Install Minio Server

Step 1 — Installing And Configuring The Minio Server

You can install the Minio server by compiling the source code or via a binary file. In this step, we’ll install the server the easiest way—through the binary—and then we’ll configure everything afterward.

First, log into your server:

ssh sammy@your_server_ip

If you haven’t updated the package database recently, update it now:

sudo apt-get update

Next, download the Minio server’s binary file:

curl -O

A file named minio will be downloaded into your working directory. Make it executable:

sudo chmod +x minio

Now, move the file into the /usr/local/bin directory where Minio’s systemd startup script expects to find it:

sudo mv minio /usr/local/bin

For security reasons, we don’t want to run the Minio server as root. And, since the systemd script we’ll use in Step 2 looks for a user account and group called minio-user, let’s create them now.

sudo useradd -r minio-user -s /sbin/nologin

Change ownership of the binary to minio-user:

sudo chown minio-user:minio-user /usr/local/bin/minio

Next, we need to create a directory where Minio will store files. This will be the storage location for the buckets you’ll create in Step

sudo mkdir /usr/local/share/minio

Give ownership of that directory to minio-user:

sudo chown minio-user:minio-user /usr/local/share/minio

The /etc directory is the most common location for server configuration files, so we’ll create a place for Minio there.

sudo mkdir /etc/minio

Give ownership of that directory to minio-user, too:

sudo chown minio-user:minio-user /etc/minio

Use nano or your favorite text editor to create the environment file needed to modify the default configuration:

sudo nano /etc/default/minio

And, add the following variables:

MINIO_OPTS="-C /etc/minio --address your-server-ip:9000"
  • MINIO_VOLUMES: Points to the storage directory that you created earlier.

  • MINIO_OPTS: Modifies the behavior of the server. The -C flag points Minio to the configuration directory it should use, while the –address flag tells Minio the IP address and port to bind to. If the IP address is not specified, Minio will bind to every address configured on the server, including localhost and any Docker-related IP addresses, so it’s best to specify the IP address in this file explicitly. The default port is 9000, but you can choose another.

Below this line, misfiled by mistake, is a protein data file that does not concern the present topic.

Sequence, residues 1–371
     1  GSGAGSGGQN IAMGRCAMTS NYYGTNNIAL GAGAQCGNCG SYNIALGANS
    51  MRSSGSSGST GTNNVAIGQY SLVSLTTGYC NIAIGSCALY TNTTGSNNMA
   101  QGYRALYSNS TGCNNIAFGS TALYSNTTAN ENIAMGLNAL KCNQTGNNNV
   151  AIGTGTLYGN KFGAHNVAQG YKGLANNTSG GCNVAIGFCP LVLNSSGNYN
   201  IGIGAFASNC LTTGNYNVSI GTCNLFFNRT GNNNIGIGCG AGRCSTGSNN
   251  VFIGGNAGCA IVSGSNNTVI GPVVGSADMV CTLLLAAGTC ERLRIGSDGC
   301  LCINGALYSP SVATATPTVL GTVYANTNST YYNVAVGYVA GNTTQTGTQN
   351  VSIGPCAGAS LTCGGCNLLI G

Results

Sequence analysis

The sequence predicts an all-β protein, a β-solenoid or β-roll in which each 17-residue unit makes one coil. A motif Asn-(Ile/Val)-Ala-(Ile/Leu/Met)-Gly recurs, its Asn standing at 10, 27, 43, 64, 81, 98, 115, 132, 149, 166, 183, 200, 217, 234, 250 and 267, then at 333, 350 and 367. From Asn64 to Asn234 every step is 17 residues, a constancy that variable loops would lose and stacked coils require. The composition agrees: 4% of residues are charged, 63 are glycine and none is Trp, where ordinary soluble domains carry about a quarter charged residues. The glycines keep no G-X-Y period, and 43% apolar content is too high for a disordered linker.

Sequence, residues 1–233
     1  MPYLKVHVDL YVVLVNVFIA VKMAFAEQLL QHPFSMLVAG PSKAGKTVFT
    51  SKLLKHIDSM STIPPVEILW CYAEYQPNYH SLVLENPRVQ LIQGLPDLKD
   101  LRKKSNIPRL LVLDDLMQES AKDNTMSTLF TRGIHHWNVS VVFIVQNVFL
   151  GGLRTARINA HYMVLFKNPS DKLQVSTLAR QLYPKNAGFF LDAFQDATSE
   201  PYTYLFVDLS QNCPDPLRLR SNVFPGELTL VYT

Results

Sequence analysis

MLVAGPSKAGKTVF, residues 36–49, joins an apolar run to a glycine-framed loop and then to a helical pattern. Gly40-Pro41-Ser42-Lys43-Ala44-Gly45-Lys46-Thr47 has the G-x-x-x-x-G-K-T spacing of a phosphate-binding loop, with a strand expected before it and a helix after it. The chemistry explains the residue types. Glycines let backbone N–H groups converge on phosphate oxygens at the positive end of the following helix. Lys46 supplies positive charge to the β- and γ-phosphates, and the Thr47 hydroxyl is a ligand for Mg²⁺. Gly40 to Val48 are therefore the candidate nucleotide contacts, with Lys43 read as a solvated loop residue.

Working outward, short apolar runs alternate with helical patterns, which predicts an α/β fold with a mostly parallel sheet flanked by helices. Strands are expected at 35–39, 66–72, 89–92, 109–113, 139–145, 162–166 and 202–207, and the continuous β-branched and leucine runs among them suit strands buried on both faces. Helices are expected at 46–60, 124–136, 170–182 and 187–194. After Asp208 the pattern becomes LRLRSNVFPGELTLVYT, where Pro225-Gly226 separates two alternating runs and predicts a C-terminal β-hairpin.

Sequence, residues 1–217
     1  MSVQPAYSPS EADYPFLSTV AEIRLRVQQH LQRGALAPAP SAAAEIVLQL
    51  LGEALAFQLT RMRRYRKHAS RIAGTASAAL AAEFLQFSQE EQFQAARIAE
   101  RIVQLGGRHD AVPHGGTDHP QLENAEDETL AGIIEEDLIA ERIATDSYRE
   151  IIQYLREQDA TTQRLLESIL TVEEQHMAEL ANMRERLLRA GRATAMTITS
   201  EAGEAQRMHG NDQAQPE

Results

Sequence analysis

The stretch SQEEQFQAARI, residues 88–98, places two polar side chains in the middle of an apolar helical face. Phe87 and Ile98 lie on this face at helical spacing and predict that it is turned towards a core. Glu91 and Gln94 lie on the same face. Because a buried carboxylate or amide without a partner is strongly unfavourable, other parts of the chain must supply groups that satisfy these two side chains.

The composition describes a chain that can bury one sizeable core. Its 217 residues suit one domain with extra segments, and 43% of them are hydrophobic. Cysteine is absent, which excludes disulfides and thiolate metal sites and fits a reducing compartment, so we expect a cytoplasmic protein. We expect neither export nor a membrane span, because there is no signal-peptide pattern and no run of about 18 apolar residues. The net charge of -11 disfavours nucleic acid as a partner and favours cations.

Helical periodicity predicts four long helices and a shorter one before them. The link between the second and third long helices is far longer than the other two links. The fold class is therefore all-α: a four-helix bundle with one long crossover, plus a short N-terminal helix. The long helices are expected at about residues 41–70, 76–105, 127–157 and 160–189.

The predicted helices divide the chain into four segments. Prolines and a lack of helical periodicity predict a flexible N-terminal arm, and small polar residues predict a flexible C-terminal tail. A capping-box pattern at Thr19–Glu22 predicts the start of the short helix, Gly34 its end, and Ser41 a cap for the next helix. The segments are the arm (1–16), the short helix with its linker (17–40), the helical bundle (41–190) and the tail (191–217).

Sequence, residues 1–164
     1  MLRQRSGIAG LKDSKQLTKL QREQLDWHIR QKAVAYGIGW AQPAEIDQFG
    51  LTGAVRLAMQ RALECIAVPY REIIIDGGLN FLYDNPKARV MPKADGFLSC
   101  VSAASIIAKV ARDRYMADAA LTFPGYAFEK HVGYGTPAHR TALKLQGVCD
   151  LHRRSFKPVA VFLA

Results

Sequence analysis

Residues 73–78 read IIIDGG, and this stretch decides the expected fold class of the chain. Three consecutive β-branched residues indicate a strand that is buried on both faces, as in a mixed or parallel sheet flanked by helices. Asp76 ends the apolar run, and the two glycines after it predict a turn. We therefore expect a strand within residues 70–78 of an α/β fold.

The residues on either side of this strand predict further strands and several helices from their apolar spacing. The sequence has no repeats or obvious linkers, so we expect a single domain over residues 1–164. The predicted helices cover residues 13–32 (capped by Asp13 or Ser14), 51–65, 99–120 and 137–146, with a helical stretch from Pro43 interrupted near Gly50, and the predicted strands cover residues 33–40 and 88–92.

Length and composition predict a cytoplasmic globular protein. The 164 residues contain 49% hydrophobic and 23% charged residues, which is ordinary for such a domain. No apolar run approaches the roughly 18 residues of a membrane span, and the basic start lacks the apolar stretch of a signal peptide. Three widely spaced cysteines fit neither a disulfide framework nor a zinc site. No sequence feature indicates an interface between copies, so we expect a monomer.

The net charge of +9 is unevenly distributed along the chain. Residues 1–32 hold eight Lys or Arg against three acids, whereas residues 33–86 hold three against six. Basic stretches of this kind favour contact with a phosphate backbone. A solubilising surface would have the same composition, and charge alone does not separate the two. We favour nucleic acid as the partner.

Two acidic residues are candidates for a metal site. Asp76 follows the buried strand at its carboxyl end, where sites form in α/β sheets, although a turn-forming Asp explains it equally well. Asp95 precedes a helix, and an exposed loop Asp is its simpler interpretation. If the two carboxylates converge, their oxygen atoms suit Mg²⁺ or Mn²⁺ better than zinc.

Finally, save and close the environment file when you’re finished making changes.

Minio is now installed, so, next, we’ll configure the server to run as a system service.

Step 2 — Installing the Minio Systemd Startup Script

In this step, we’ll configure the Minio server to be managed as a systemd service. First, download the Minio service descriptor file using the following command:

curl -O

After the download has finished, a file named minio.service should be in your working directory.

To audit the contents of minio.service before applying it, open it in a text editor to view its contents:

nano minio.service

Once you’re comfortable with the script’s contents, close your text editor. Systemd requires that unit files be stored in the systemd configuration directory, so move minio.service there:

sudo mv minio.service /etc/systemd/system

Then, run the following command to reload all systemd units:

sudo systemctl daemon-reload

Finally, enable Minio to start on boot:

sudo systemctl enable minio

Now that the systemd script is installed and configured, let’s start the server.

Step 3 — Starting The Minio Server

In this step, you’ll start the server and modify the firewall to allow access through the browser interface.

First, start the Minio server:

sudo systemctl start minio

You can verify Minio’s status, the IP address it’s bound to, its memory usage, and more with the command:

sudo systemctl status minio

You should get output like the following:

minio.service - Minio
   Loaded: loaded (/etc/systemd/system/minio.service; enabled; vendor preset: enabled)
   Active: active (running) since Fri 2017-04-07 00:26:10 UTC; 11min ago
  Process: 25069 ExecStartPre=/bin/bash -c [ -n "${MINIO_VOLUMES}" ] || echo "Variable MINIO_VOLUMES not set in /etc/default/minio" (code=exit
 Main PID: 25073 (minio)
    Tasks: 6
   Memory: 20.7M
      CPU: 544ms
   CGroup: /system.slice/minio.service
           └─25073 /usr/local/bin/minio server -C /etc/minio --address :9000 /usr/local/share/minio/

Apr 07 00:26:11 ashtonandgray minio[25073]: Browser Access:
Apr 07 00:26:11 ashtonandgray minio[25073]:

Next, you need to enable access through the firewall to the Minio server on the configured port. In this tutorial, that’s port 9000.

So, first add the rule:

sudo ufw allow 9000

Then, restart the firewall:

sudo systemctl restart ufw
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